How Working Parents Can Survive Back-to-School Season

For working parents with school-age children, this time of year is especially chaotic. But it is possible to manage the (often overwhelming) demands of back-to-school activities while still delivering at work. Start by thinking about what’s realistic for you. Even with a flexible job, it’s unlikely that you can make it to every bake sale, library fundraiser, and field trip.

To do your fair share, try to do it all at once. For example, you can use a personal day entirely for school volunteering: Be the “reading helper” in your daughter’s second-grade class in the morning, walk […]


Relax and Enjoy!


Avoid Micromanaging by Setting Clear Targets for Your Direct Reports

Micromanagement isn’t a personality flaw; it’s a breakdown in the fundamentals of delegation. As a manager, you should be able to give someone a task without having to look over their shoulder. The key is to provide clear goals. If you want your direct report to improve customer satisfaction, define by how much and specify which elements of satisfaction are most important. You should also explain the constraints of the project: “stay within this budget” or “follow these policies” or “get my approval on this type of decision.” Without these guardrails you’re likely to leave the person flailing, and […]


To Balance Work and Family, Make Small Changes to Your Schedule

Now that school is starting back up again, start small to find your balance.

Working parents struggle to balance work and home, they often feel the need to make drastic changes to get the flexibility they want. But finding a new job or going part-time isn’t always necessary (and won’t always solve the problem). Instead, try to make small tweaks to your schedule or working arrangements. For example, you might leave the office early once every other week, duck out for the occasional soccer game, or go straight home from any flight that lands after 2 PM. These measures […]


During Your Next Presentation, Use Your Hands to Project Confidence


When you’re in front of an audience, you want to project confidence. But when you’re nervous, your hands often flit about and fidget. Use one of these positions to keep your hands still. Practice in front of a mirror, then with friends, until it feels natural.

Hold the ball. Gesture as if you are holding a basketball between your hands. This movement, a Steve Jobs favorite, displays confidence and control, as if you have the facts at your fingertips. Palms up. Turning your hands up indicates openness and honesty, and it shows that you’re willing to connect with […]


Don’t Let a Toxic Peer Take Down Your Team

One toxic person is all it takes to destroy a high-performing team. If you’re the team leader, dealing with a toxic employee is (relatively) straightforward: Acknowledge the effect their behavior is having and hold them to a higher standard.

But what if the person is your peer? First, have a candid conversation with them. Explain the effect the behavior is having on you and on the group. Next, be a role model for how you want the team to act. Make collaboration and open dialogue the standards for the group.

And finally, talk to your […]


Before Hiring a Friend, Set Some Boundaries

Hiring a friend into your company is risky: Can the personal relationship coexist alongside a professional one?

But if you approach the situation carefully, it’s possible to work with each other while preserving the friendship. First, make sure you’re comfortable saying no to the person. If you do become your friend’s boss, you’ll need to have confidence that their emotional maturity can make the dynamic work. Next, set their expectations about whether they’re likely to get the job. Say something like, “I want to explore the possibility of our working together — but I want to be […]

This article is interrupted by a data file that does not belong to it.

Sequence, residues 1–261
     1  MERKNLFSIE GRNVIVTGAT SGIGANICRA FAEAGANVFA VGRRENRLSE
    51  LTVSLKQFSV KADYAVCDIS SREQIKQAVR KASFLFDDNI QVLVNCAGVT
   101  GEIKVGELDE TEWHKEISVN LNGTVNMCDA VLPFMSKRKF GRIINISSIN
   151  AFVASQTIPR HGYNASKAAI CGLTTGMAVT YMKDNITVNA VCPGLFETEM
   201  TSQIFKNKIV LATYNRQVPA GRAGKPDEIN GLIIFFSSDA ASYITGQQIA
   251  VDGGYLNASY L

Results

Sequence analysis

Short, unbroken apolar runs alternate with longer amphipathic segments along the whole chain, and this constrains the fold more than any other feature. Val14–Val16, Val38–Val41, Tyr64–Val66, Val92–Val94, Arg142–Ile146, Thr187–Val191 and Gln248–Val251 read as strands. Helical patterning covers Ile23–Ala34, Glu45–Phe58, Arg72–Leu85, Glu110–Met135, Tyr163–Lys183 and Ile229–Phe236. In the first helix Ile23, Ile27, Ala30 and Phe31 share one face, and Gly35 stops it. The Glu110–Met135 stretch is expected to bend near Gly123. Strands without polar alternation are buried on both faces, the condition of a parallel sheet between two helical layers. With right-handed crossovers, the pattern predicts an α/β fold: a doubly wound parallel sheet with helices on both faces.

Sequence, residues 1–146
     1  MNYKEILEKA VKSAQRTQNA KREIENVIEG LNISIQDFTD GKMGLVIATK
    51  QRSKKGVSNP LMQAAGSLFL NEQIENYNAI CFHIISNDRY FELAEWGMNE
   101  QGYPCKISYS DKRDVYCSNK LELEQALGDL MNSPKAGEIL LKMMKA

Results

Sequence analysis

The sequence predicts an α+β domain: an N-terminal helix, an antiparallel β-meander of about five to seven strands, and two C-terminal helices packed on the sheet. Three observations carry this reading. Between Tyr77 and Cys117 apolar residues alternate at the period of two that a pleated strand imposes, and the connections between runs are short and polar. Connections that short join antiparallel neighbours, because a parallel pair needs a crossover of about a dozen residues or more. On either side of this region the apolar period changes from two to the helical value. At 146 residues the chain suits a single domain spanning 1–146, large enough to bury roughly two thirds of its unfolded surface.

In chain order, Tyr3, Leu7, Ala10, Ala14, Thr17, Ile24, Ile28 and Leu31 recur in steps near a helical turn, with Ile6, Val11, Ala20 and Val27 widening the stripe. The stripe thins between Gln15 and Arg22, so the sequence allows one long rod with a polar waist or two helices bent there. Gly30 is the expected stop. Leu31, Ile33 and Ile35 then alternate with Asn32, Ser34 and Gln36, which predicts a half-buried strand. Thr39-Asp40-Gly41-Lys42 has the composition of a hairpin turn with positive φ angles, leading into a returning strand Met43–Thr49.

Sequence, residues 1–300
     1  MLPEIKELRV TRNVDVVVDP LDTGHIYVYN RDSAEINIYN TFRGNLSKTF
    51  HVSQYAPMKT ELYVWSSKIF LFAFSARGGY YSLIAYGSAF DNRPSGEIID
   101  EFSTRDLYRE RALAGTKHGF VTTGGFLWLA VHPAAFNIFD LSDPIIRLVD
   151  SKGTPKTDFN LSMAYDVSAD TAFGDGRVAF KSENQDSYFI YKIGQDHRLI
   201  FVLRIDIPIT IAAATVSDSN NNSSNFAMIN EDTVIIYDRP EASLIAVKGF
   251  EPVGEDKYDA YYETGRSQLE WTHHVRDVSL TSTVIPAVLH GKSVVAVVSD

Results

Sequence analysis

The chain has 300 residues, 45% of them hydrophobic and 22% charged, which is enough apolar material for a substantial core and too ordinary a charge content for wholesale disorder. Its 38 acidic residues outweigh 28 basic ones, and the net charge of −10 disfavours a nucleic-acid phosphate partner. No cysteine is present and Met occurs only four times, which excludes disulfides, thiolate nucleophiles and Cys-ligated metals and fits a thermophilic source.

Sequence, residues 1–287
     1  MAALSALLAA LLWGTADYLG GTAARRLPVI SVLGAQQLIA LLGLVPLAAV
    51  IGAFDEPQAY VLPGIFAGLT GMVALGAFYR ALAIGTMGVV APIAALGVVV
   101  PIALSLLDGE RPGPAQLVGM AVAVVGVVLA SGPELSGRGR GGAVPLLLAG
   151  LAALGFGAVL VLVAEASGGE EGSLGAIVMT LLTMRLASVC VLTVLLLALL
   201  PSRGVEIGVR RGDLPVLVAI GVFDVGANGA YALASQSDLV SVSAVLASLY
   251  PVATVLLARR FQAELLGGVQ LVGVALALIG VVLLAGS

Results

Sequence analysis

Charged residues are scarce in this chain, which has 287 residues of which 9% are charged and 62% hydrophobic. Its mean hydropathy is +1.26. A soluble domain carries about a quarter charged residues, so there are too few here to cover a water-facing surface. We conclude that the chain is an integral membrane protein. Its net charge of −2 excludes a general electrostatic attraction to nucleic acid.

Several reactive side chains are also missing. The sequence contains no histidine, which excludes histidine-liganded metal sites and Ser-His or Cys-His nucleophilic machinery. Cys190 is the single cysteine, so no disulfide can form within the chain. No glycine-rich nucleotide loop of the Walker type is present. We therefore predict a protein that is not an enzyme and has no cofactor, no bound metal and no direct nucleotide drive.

Choose to Be Kind to Someone Who Annoys You

When someone you work with annoys you all the time, chances are you assume the worst about them — and that mindset shows up in your behavior. But it’s important to be civil, and even compassionate, to colleagues, both because so much work is collaborative and because that coworker probably isn’t annoying you on purpose. Try to short-circuit your reactions toward them by making yourself do or say something nice. For example, you could compliment them on an idea they raised in a meeting, or offer to help out with a project. Or say your colleague arrives late — […]


Have One Day a Week When Nothing Can Interrupt You

You can’t do deep, creative work when meetings constantly disrupt your flow and hurt your productivity. To give yourself time and space to focus, have one day a week when nothing can interrupt you — no texts, no emails, no phone calls, and absolutely no meetings. Block this day off on your calendar, and tell colleagues that you’ll be unreachable because you’re working on critical projects. Of course, something urgent may come up anyway, but try your best to keep the day from being compromised. Stick to a simple rule: You can move your unreachable day around during a […]


Maintain Your Professional Network Over Time

Everyone knows it’s important to build a network. But once you’ve made a connection with someone, how do you maintain it over the long haul so that you can call the person when you need a job reference or a professional favor? The first step is to determine whom you want to stay in touch with based on their professional value and relevance to your career. Look for current and potential clients, influential colleagues, and friends who are superb connectors. Then figure out how often to be in touch. Some experts suggest having 10 people you’re in regular contact […]


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